The Supreme Court’s two split decisions Monday on the affirmative action programs at the University of Michigan’s law school and in its undergraduate college seem to leave the country with a glass that is half full. Though it’s easy to understand Michigan’s president Mary Sue Coleman calling it a “tremendous victory” for all of higher education, the court did find the university’s somewhat clumsy point system for undergraduate admissions too close to quotas for comfort. If, however, the court had decided against the university in both cases, and had not agreed that race can be part of admission decisions, the hard ground gained over the past 50 years would not be available to future generations for some time.
Clearly, the court’s process and the public discourse in anticipation of its ruling suggest that after 30-plus years, affirmative action programs still need fine tuning. Even as the admission of African Americans, for instance, to graduate and professional schools creates a growing black middle class, and increases our access to corporate and government power, society is still faced with the question of how to extend educational opportunity to the millions of the disenfranchised, especially those who have suffered centuries-long oppression and exclusion, and the consequent disadvantages. So it is important that the court preserved the principles upheld in its, until now, most recent affirmative action ruling, the 1978 Bakke decision.
Though Monday’s decision technically applies only to publicly funded institutions, this is an incredibly important group that includes large systems like those in Texas, Michigan, and California. These systems are the gateway to higher education for thousands of poor, working-class, and immigrant people. It is important that they continue to be able to look the facts squarely in the face—to choose inclusion, knowing that diversity will benefit the populations of their states.
The ruling will probably change little at private institutions, especially the elite ones. Most now contend, as Michigan has, that diversity is an educational good in itself, and that they can achieve a mixed student body while still drawing from the country’s top high school and college graduates, most of whom also pay for their educations. This does not mean numbers haven’t dropped in some schools over the past 30 years but only that the schools have to respond to public opinion and other pressures for change. (I recently spoke at such a college and was chagrined to learn afterward from African American students that their numbers are now down to where they were when members of my generation integrated the school in the 1960s.)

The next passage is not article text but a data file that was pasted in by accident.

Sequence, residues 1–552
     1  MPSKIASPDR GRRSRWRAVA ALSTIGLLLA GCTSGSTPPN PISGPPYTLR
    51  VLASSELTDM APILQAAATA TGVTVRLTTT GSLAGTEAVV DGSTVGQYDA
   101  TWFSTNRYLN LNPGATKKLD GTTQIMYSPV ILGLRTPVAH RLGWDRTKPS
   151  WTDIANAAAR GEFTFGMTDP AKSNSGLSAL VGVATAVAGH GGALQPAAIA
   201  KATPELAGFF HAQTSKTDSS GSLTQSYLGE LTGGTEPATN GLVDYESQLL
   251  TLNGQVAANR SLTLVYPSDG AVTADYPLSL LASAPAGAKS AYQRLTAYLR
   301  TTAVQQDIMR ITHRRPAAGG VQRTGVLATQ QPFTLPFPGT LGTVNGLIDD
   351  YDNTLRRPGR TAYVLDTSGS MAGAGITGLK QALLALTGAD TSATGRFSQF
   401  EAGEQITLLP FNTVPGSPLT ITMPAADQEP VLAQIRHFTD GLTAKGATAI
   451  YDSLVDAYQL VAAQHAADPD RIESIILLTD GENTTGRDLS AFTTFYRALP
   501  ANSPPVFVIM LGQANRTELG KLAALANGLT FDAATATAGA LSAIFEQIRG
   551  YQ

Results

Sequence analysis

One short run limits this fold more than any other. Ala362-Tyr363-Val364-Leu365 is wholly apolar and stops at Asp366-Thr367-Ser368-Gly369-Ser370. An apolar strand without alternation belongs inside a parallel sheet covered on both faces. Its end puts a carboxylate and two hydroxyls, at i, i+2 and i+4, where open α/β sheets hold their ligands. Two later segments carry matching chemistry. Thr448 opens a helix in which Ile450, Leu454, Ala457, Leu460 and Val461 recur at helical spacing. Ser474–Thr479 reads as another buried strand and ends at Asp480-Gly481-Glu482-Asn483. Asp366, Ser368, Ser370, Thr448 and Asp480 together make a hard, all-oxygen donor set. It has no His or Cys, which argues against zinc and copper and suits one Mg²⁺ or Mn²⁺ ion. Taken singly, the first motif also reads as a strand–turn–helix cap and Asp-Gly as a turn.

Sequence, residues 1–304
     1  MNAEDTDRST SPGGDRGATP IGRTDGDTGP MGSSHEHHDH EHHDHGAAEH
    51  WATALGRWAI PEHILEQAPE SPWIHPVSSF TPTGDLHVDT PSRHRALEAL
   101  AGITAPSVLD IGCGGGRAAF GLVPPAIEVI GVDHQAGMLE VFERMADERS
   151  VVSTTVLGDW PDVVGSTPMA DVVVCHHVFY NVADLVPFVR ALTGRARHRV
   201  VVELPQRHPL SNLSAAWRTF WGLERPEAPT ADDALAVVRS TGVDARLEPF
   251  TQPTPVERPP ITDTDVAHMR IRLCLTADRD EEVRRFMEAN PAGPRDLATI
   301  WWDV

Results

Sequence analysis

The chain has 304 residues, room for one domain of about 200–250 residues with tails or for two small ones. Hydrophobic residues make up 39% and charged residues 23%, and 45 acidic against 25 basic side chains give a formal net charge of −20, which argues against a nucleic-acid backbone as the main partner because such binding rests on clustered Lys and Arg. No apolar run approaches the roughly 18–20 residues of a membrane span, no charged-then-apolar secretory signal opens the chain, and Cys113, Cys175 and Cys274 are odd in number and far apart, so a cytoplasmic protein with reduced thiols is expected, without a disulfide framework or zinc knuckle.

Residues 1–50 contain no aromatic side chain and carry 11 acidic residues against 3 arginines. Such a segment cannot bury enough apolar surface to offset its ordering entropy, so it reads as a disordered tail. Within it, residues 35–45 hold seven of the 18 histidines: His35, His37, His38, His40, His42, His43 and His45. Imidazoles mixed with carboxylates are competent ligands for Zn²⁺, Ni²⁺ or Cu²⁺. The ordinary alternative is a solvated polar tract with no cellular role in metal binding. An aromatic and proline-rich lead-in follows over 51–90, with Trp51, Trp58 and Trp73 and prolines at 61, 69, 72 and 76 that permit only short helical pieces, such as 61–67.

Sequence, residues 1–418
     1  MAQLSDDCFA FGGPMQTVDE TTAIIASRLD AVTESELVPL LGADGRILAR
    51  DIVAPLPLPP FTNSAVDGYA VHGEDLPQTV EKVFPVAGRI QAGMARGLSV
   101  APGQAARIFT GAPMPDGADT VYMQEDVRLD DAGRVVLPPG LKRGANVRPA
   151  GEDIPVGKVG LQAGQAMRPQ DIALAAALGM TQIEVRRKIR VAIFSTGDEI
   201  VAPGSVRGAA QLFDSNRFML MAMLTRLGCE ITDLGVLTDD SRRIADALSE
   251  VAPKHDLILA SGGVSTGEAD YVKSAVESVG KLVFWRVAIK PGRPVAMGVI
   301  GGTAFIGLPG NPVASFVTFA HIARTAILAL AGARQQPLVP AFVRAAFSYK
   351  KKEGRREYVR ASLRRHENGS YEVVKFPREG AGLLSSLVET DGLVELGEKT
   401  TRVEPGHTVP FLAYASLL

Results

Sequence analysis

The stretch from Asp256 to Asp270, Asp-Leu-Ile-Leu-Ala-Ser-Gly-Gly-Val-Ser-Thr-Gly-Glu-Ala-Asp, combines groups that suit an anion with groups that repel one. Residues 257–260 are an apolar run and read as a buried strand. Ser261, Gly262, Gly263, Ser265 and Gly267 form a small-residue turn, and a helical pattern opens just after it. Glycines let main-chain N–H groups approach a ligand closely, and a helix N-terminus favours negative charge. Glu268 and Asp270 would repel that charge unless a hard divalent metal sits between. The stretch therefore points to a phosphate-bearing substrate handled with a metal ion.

Still, in quoting the historic 1954 ruling in Brown v. Board of Education, Justice Sandra Day O’Connor invoked the earlier court’s concern with the overall good for society. She also defended diversity’s value in her own words: “Effective participation by members of all racial and ethnic groups in the civic life of our nation,” she wrote, “is essential if the dream of one nation, indivisible, is to be realized.” In emphasizing the value of integration beyond tokenism, many policy makers tend to de-emphasize the historical discrimination that was at the roots of the Brown case. Historical exclusion from education and decent employment continue to devastate people of color in this country. We still need to take a hard look at the alarming statistics on the education of African American, Native American, and Latino youth today before arguing for a system that is supposed to be “color-blind,” for society has never yet been color-blind when it comes to broken school systems, stop-and-frisk laws, police brutality, jail warehousing, and inadequate housing.
The idea of color-blind systems, promoted by affirmative action opponents and, for that matter, the dream of color-blind people, is an American invention—and when it comes to race, an oxymoron. It is ironic that those of us most afflicted by the American obsession with skin color seldom call for “color-blind” anything, or even use the term. It reminds me of the practice of “blind” auditions (invented, some say, to counter charges of racism in classical music), in which a musician tries out for an orchestra by playing behind a screen—so that the administrators cannot see who is playing. Putting up the screen is an admission that people feel incapable of overcoming racist judgments. It does not prevent discrimination and is a poor excuse to others who point to the hiring of, say, a “first” African American violinist as preferential treatment. We prefer to work for the end of racism, a state in which you can see me and still hear that I can play.
“Saving Affirmative Action … and a Process for Elites to Choose Elites” by Lani Guinier
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